bulletApr 17, 1997: Rick helped me move some furniture and then it was off to the shop. I had finished sanding the slats, so I spent the entire time cutting the 1" spacers on the band saw. Now I've got all the pieces to put the sides of the cradle together, but I can do that at home.
bulletApr 23, 1997: I was at the baby furniture store paying for the rest of the stuff we're getting for the baby's room, so I got the cradle mattress ($21). It was nice to be able to pick up the standard sized one.
bulletApr 27, 1997: Used the router to round the edges of the side rails. I still need to figure out how to cut the grooves at an angle.
bulletMay 3, 1997: I finally cut the grooves. Took about two hours to figure out how to do the angles, and while the solution wasn't pretty (let's just say that there was a lot of duct tape holding the jig together), the results look good.
bulletMay 7, 1997: Glued the first side piece. It's starting to look more like a cradle and less like a bunch of wood on the floor.
bulletMay 8, 1997: Went to the shop but didn't get too much done.
bulletMay 9, 1997: Glued the other side piece.
bulletMay 14, 1997: Finally started cutting down the end pieces to their correct shape. I made a mistake on the first end and cut it a bit too short, so I'll have to sand down the side pieces to fit. I was extremely upset when I realized my error, but I guess that's the way it goes.
bulletMay 15, 1997: Didn't work on the cradle, but spent a lot of time at the hospital with Debbie. Guess I better finish this thing sooner than planned. The baby is now due three weeks earlier than originally planned.
bulletMay 19, 1997: Worked on sanding down the sides so I can assemble the basket (at least) before the baby arrives. I thought I'd have another month. The stand shouldn't take too long once the basket is done (sure!).
bulletMay 22, 1997: Another Home Depot run. I got a plane (decent, not the $170 one I used at the shop), a couple of brad point bits, a forstner bit (expensive, especially as I only need it for two holes), and a drill guide that turns a handheld drill into a not-too-accurate drill press (not perfect, but it should help). Another $100.
bulletMay 24, 1997: Got a lot done today. I borrowed the biscuit joiner from the shop and a couple of clamps, so I joined the two end pieces for the stand and left them to dry while I worked on the basket. I was hoping to get the basket glued tonight, but I found that the screws that I ran around to find (#6 x 1") are too long. Another trip to Home Depot tomorrow to exchange them and I should be in business.
bulletMay 25, 1997: Picked up the screws I wanted, along with a flush cut saw ($15) for cutting off the ends of the dowels. Rounded the edges of the end pieces with the router, and used the new plane to cut down the basket side to fit the end that was a little too short. Also fastened the cleats onto the sides.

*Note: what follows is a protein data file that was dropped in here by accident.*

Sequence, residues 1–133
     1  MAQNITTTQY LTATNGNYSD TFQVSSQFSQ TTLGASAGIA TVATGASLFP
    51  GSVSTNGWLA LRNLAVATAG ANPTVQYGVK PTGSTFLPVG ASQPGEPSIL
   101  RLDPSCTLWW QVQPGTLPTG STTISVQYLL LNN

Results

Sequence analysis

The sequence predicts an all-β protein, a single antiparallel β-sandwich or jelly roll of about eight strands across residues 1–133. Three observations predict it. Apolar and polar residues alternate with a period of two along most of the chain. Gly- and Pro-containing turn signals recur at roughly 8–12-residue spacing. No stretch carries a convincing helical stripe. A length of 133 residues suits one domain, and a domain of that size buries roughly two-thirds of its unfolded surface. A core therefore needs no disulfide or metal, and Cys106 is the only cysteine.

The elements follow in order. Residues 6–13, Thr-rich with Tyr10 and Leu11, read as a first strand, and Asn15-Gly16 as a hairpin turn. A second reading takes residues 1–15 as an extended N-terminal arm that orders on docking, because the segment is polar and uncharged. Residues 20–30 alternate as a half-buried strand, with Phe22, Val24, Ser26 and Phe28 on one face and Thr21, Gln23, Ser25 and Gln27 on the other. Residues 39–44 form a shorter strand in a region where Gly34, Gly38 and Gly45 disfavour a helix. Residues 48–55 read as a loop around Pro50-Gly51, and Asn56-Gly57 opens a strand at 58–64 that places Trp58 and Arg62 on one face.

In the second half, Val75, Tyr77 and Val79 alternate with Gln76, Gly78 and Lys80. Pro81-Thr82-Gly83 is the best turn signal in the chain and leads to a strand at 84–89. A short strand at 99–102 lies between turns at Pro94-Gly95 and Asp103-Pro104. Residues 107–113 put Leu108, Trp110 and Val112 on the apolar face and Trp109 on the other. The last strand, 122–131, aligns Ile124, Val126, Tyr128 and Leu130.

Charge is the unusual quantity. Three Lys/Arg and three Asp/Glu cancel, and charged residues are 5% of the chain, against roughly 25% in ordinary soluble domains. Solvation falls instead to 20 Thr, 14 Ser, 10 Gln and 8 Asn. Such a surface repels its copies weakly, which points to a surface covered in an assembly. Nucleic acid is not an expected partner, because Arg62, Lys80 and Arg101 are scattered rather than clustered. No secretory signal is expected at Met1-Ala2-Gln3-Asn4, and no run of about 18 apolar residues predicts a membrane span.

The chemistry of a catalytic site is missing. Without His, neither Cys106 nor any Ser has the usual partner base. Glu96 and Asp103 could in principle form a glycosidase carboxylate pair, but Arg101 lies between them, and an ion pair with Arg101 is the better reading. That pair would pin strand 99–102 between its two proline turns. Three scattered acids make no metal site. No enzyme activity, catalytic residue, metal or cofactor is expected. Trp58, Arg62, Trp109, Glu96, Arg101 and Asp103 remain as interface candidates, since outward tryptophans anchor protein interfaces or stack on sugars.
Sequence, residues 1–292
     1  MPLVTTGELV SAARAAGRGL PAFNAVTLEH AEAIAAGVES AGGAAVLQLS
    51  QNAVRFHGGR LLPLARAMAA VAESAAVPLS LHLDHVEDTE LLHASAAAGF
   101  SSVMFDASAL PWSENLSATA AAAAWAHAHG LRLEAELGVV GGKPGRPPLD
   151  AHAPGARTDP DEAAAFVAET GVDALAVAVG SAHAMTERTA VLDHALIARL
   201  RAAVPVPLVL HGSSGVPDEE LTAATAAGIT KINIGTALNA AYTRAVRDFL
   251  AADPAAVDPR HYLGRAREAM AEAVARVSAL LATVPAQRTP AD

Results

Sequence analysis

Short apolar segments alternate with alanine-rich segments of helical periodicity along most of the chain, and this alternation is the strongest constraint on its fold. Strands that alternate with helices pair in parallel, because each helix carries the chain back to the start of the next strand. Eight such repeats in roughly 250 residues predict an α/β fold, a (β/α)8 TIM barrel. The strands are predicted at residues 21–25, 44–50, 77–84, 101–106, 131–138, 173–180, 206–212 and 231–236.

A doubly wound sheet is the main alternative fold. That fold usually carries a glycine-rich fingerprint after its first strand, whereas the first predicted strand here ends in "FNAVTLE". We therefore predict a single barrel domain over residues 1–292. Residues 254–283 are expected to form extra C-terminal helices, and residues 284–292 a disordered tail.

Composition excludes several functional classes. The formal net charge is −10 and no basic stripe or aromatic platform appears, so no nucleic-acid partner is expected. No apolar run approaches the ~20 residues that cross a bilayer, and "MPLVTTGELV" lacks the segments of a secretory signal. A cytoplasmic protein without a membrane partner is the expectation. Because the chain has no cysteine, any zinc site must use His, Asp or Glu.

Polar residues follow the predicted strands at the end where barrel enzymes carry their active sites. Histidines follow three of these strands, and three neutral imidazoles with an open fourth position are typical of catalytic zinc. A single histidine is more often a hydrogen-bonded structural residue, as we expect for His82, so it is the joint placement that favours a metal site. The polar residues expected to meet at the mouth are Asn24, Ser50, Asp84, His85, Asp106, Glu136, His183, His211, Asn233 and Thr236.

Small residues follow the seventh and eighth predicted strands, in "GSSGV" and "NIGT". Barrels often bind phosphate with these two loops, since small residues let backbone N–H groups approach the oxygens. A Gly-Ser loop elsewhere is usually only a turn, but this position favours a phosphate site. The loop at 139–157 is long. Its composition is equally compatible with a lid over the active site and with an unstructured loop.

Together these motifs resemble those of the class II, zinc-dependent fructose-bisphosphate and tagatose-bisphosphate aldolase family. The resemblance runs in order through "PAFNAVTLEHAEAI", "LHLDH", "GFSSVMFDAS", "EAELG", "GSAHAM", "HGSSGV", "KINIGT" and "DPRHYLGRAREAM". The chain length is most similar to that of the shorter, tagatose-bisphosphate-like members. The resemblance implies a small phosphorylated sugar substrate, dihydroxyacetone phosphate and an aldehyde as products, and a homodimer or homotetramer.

bulletMay 26, 1997: Glued the basket together - it looks pretty good. The walnut dowels should come out nice.
bulletMay 26, 1997 (later in the day): Started applying the finish, which is Tung oil. It really brings out the grain of the cherry.
bulletMay 27, 1997: Did another coat of Tung oil. The basket looks really good. I'm pretty happy with it.
bulletMay 29, 1997: Worked on the stand pieces. I used the Dremel to sand the rounded edges of the sides, and started to plane/sand the straight edges.
bulletMay 30, 1997: Had the baby, and she and her Mom are great. Didn't work on the cradle today.
bulletJune 6, 1997: Started sanding the edges of the stand, but the family started arriving. On hold again.
bulletJune 13, 1997: Finished sanding the stand pieces. Drilled the holes for the bearings and rounded the edges with the router. Glued the pieces together, clamped it, and sit for a while. The dowel holes on one side were a bit ragged, so after trimming the dowels (that flush cut saw works very well) I used a bit of filler putty. Hopefully it won't be too noticeable; it's supposed to match Cherry, but who knows.
bulletJune 14, 1997: Sanded the stand and started the first coat of Tung oil.
bulletJune 15, 1997: Put on a second coat of oil, and started cleaning up. There was a lot of sawdust over everything. Put the router back in its box.
bulletJune 16, 1997: Attached the basket to the stand. Done. Looks pretty good. Can't wait to start on the Morris chair.

Total cost: $844 (or a little more, as I didn't count everything); New tools: Router and router table, palm sander, assorted router and drill bits, clamps, drill guide, flush cut saw.

Epilogue (no, this is not a Quinn Martin production): As I suspected, it was a typical Steve Shoyer project. I guess I should have a section for tools I didn't buy (table saw, band saw, and belt sander spring to mind), but the list would be too long. I was pretty happy with the way the cradle turned out, especially as I haven't used a lot of these tools before, and hadn't really done any woodworking in about ten years (not counting assembling things from Ikea). I've got a lot more respect for real woodworkers, and hope that the next project is not another ten years away.

If you're thinking about building this cradle, a few words of advice:

  1. Check the dimensions carefully, because I ran into a few problems with the sizes of the parts (Cleats, part H, were listed as being 4 1/4" wide, when they're really 3/8")
  2. Layout the pieces on paper before cutting the wood. The dimensions on the end panel layout add up to 10 15/16" to the centerline if you add one way, and 10 7/8" if you add another way. If you make full-sized templates you can be sure it'll work before cutting.
  3. Think about making it a standard 18" x 36" and modify the dimensions before buying the wood. If you don't want to make the change, at least it was an informed decision.

Feedback: webmaster(at)
Copyright 1997-2007 by Steve Shoyer